Cody Caetano set out to write Half-Bads in White Regalia: A Memoir with the goal of creating a book for his generation of readers and writers — something that would make his family proud. The memoir has done that and more, becoming an instant national bestseller.

Half-Bads in White Regalia is a coming-of-age story about Caetano’s turbulent childhood. After his Anishinaabe mother and Portuguese father divorced and went their own ways, Caetano and his siblings were left to fend for themselves. Caetano finds a way to tell his story with humour and warmth.

Caetano, who is an off-reserve member of Pinaymootang First Nation, earned his master of arts in English in the Field of Creative Writing program in 2019. It was during his master’s degree that Caetano began to turn the bones of his story into what would eventually be Half-Bads in White Regalia.

Margaret Atwood returns with collection of short stories      

Margaret Atwood with her book cover
Old Babes in the Wood, by Margaret Atwood.

Renowned author and U of T alum Margaret Atwood returns with her first short fiction offering in nearly a decade. Old Babes in the Wood is a collection of 15 short stories, some previously published in New York Times Magazine and The New Yorker.

The stories explore family connections and struggles that deal with love, loss, alienation, miscommunication and even fantastical characters, resonating with society’s distinctive struggles of 2020s culture.

Aside from being a world-renowned writer, Atwood is among U of T’s biggest champions and most generous donors since earning her honours bachelor of arts degree in 1961 as a member of Victoria College.

A devastating discovery launched a search for her biological father

Kyo Maclear with book cover
Unearthing, by Kyo Maclear. Photo: David Wall.

When alum Kyo Maclear’s father died, a DNA test showed she wasn’t biologically related to the man she grew up calling "dad." In her latest book, Unearthing, Maclear chronicles her journey to find the truth about her past as she explores questions about the meaning of family.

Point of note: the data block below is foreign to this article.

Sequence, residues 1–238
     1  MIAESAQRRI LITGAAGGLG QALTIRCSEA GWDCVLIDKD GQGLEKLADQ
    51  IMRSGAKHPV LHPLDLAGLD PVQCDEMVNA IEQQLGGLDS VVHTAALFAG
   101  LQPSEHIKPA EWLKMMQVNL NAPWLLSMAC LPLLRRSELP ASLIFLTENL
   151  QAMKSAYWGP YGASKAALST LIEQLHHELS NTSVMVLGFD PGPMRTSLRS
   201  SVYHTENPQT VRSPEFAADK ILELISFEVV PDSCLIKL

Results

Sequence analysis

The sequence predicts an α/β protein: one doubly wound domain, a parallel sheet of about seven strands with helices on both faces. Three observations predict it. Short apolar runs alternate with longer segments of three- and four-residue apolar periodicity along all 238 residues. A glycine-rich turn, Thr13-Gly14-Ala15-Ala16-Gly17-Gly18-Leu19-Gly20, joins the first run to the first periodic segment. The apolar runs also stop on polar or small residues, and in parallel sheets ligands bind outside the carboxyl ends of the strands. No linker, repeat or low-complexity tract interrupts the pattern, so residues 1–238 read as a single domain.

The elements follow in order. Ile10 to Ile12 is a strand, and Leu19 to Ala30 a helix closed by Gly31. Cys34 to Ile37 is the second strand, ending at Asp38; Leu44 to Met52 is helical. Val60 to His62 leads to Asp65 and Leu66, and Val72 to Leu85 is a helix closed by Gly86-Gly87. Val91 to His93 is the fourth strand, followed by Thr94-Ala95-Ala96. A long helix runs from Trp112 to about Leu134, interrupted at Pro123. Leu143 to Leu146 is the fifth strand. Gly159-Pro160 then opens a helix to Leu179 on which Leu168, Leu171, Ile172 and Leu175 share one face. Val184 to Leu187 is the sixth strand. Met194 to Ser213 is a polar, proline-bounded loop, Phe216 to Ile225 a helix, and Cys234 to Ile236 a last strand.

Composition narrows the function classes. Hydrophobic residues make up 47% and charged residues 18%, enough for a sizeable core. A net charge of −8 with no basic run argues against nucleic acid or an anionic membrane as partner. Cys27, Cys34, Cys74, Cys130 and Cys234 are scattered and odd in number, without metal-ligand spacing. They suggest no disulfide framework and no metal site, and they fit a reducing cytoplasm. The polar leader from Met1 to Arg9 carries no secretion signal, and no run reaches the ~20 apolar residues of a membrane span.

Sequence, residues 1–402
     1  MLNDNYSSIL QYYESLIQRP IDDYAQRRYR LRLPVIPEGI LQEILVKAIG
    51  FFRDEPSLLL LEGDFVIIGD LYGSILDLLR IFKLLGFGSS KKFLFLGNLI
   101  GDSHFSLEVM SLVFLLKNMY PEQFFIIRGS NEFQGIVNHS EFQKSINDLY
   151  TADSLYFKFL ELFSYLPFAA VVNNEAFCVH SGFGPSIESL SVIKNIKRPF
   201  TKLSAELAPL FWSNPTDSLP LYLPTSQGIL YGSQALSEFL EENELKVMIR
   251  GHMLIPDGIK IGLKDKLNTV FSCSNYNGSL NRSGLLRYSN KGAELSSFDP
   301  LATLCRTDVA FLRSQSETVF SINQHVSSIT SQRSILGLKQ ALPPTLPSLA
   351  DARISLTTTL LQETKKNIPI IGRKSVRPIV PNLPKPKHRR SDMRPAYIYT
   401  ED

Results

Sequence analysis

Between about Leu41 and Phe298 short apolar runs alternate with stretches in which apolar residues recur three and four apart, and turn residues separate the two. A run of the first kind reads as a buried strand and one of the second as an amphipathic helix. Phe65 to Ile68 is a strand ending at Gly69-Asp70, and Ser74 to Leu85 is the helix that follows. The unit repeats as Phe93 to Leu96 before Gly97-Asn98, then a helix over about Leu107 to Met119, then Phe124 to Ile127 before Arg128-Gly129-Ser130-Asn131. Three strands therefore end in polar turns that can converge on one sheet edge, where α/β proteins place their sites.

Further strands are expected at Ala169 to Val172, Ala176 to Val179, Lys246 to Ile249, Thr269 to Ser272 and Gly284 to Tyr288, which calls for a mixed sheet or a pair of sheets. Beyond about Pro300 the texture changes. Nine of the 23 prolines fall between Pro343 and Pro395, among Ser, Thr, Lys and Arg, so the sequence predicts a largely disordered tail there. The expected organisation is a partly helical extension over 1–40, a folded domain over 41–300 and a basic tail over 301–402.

Maclear earned her honours bachelor of arts in fine art and art history in 1992 as a member of University College. A former writer for The Varsity, she befriended well-known activist Naomi Klein while at U of T. Together they founded an open format student discussion group called Free School at UC.

Her memoir, Birds Art Life, was a finalist for the 2017 Hilary Weston Writers' Trust Prize for Nonfiction and won the 2018 Trillium Book Award.

Alum’s captivating novel is a love letter to Toronto  

megan wykes with book cover
Back to the Garden, by Megan Mueller.

In the summer of 1971, four strangers engage in a series of promising group therapy sessions, only to see their lives descend into chaos. The individuals connect outside their sessions under unexpected and catastrophic circumstances that propel each of them into deepening crisis.

In her debut novel, Back to the Garden, author Megan Mueller (writing under her late mother’s maiden name Wykes) tackles a bygone era of Toronto’s history. This includes the burgeoning folk scene, growing opposition to the Vietnam War, as well as themes of human rights, mental illness and bullying, lending this story increasing relevance.

Mueller earned her honours bachelor of arts in 1988 as a member of Victoria College. Currently, she is a communications officer at Hart House. Her volume of poetry, Colour Theory, was published in 2016. Her next novel, Sunshine, is slated for publication in 2024.

Love your neighbourhood with this child-friendly book  

lindsay-zier-vogel with book cover
Dear Street, by Lindsay Zier-Vogel. (Photo: Phillipa Croft.

Dear Street is geared toward the younger readers in your house — including those tired of the grumbling and complaining they hear from adults.

In Dear Street, Lindsay Zier-Vogel, who earned her honours bachelor of arts in English in 2005 as a member of Victoria College and her master’s in creative writing in 2007, tells the story of a girl writes love letters to her neighbourhood — her street, local park, a maple tree and even the snow — and hides them for others to find. She is delighted to see the love spread.

Published by Kids Can Press, Dear Street was inspired by Zier-Vogel’s international Love Lettering Project, in which participants write love letters to their communities and hide them for strangers to find. An explanation of the project at the end of the story encourages readers to write their own letters to their communities.